You’d think and hope that is a headline we wouldn’t have to write in 2017, but here we are, in an increasingly racist America controlled by Republicans and Donald Trump. Alabama, home of Attorney General Jeffrey Beauregard Sessions, is slowly bringing back part of America’s dark past: segregation.
Gardendale, a small, 90% white suburb of Birmingham, has long been wanting to secede from Birmingham proper so they could control their schools and their tax contributions to the schools.While this doesn’t sound racist in and of itself, it will when we get into Gardendale’s real motives for the move.
Gardendale’s secession effort began four years ago, when a small group of parents began lobbying their neighbors and city council members. In 2013, residents voted in favor of raising property taxes to establish their own school system.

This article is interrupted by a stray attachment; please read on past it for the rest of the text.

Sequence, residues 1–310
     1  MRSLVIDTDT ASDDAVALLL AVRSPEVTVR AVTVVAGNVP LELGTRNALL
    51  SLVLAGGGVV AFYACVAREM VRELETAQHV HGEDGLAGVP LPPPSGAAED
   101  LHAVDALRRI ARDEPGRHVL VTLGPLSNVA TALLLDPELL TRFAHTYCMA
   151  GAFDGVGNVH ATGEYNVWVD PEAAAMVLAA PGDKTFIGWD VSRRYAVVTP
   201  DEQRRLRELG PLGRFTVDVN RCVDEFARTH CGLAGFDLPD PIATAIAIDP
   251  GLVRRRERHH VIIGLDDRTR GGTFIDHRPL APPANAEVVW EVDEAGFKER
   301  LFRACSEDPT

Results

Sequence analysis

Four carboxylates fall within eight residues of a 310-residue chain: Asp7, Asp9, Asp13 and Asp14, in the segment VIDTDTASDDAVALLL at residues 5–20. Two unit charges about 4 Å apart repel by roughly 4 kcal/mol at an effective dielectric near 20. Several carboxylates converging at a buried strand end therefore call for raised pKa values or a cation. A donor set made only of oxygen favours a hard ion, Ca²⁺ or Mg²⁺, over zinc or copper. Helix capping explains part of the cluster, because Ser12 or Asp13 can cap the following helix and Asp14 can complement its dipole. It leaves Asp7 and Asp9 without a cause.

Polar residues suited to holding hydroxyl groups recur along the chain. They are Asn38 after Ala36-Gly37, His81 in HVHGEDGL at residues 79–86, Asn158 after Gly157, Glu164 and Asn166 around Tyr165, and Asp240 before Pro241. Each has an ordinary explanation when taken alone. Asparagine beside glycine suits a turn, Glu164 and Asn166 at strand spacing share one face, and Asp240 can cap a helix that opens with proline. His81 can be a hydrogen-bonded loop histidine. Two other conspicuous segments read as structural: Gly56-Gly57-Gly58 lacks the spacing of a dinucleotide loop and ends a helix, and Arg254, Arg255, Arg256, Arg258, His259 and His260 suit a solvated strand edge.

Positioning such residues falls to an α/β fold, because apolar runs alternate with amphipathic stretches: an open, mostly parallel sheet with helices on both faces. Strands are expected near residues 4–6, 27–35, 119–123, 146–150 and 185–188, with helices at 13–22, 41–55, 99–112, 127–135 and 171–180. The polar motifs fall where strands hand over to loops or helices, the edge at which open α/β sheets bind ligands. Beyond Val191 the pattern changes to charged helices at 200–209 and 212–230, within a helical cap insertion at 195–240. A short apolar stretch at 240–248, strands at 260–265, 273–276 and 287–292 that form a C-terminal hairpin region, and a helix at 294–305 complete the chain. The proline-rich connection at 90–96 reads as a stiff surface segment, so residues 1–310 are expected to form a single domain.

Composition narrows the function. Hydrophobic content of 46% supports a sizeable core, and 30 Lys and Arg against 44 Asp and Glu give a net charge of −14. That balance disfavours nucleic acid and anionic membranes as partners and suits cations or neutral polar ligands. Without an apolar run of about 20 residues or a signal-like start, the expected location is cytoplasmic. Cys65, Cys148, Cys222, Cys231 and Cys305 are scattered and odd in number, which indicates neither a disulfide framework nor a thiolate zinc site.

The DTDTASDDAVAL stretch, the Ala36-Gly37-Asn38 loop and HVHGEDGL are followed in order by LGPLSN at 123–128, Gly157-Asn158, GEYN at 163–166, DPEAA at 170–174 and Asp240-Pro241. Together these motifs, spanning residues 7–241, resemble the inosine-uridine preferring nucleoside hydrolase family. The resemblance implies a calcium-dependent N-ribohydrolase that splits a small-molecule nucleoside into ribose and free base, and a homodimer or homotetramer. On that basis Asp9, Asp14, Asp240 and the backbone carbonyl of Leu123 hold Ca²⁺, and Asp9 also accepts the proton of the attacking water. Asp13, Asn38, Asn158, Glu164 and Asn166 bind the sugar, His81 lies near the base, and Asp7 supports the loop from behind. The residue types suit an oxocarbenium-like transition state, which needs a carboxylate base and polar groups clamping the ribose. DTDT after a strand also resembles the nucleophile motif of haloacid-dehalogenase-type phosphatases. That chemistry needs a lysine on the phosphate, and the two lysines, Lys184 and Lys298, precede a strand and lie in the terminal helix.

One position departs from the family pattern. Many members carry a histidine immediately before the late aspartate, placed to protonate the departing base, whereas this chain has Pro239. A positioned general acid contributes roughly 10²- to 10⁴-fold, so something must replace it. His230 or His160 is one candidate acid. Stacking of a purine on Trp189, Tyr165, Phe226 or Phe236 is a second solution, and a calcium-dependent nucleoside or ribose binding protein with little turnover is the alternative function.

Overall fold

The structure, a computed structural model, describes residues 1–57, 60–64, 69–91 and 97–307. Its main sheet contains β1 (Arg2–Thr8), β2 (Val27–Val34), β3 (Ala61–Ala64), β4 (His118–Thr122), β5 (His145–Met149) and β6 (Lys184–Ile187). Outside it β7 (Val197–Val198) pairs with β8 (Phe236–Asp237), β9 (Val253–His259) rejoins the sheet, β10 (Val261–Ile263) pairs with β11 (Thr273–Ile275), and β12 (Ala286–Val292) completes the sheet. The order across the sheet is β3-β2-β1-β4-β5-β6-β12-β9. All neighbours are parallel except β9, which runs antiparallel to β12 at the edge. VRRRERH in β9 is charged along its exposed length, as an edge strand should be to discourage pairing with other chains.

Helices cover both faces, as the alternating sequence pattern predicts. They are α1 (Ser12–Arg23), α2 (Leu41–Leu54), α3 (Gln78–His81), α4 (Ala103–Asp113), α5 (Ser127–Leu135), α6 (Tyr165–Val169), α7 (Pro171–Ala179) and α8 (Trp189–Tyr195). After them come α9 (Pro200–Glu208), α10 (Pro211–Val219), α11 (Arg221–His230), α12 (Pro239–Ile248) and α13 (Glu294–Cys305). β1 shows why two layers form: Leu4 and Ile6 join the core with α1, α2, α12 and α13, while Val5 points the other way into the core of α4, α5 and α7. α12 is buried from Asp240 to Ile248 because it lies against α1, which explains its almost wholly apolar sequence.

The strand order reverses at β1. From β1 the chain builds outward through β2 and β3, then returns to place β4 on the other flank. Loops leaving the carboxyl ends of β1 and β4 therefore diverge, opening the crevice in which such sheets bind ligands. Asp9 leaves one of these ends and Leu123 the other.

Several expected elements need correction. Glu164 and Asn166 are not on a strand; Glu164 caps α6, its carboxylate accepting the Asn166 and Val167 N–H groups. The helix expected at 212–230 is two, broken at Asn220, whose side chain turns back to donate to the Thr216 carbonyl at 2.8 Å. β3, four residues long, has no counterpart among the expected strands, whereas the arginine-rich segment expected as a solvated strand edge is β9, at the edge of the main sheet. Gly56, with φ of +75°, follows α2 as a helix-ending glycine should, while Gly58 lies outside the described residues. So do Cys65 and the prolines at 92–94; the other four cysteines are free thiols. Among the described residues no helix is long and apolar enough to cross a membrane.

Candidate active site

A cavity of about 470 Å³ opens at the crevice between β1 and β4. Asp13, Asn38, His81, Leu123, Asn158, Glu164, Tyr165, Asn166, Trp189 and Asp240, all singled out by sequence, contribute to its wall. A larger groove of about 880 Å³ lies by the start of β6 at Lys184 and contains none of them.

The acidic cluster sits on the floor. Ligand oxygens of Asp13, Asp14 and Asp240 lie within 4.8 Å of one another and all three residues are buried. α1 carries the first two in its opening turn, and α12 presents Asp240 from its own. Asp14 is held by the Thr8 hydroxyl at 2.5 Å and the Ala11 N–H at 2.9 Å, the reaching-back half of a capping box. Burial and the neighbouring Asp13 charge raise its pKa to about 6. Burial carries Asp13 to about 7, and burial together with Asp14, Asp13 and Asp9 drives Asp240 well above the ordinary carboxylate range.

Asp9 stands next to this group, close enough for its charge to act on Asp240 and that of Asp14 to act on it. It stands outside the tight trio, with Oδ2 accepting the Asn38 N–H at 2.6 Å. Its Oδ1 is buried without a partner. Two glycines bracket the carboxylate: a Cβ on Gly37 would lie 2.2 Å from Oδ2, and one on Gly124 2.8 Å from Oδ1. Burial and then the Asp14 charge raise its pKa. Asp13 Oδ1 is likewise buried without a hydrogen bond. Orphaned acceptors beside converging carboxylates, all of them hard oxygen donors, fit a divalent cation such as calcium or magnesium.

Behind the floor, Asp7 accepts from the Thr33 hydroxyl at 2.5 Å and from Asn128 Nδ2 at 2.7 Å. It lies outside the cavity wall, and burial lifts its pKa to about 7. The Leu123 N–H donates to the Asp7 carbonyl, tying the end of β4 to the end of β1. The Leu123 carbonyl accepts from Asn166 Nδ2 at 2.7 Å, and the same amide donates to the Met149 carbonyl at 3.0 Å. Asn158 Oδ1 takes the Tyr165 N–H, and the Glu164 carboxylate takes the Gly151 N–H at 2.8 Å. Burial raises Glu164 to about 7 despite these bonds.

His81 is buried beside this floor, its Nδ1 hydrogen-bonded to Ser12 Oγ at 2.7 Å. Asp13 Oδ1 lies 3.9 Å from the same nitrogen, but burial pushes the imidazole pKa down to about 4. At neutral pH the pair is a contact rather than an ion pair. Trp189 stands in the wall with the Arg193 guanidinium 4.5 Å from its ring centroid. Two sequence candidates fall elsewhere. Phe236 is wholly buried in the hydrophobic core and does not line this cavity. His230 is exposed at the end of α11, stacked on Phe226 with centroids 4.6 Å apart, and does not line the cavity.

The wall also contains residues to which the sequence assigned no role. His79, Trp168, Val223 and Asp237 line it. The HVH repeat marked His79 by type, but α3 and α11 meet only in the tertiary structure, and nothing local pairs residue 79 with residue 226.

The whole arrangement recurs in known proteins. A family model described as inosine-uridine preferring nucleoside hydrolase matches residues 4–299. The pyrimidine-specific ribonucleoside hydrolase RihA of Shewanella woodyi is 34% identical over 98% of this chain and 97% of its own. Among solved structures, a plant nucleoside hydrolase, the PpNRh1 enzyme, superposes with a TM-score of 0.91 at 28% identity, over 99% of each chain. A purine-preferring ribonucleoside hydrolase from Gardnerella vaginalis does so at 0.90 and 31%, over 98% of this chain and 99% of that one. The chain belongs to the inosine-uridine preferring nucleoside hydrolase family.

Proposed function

The Judge hearing the case agreed to allow Gardendale the chance to re-segregate themselves. As The Root reports:
U.S. District Judge Madeline Haikala heard the case of Jefferson County Board of Education v. Gardendale City Board of Education and issued an extensive, wide-ranging ruling Wednesday. The case was not overly complex, and was mostly black vs. white. The white residents of Gardendale wanted to break away from the county’s schools, creating a new district that reflected the demographics of the city. The parents of black students in Gardendale’s schools said the white parents just wanted to get rid of the schools’ black students.
In her 190-page ruling, Haikala admitted that Gardendale City’s motivations were based on race and inequality. She pointed to a Facebook group with thinly veiled racist messages and wrote about flyers that listed “some of the best” white schools that had already left Jefferson County Schools alongside a list of “bad” racially mixed schools, with a white child asking, “Which one will you choose?” The report noted that the flyers delivered an “unambiguous message of inferiority.” The ruling reprimanded the parents for their continued reference to “Smithfield kids” (a reference to a mostly black section of Jefferson County whose children attend Gardendale schools) in a degrading manner.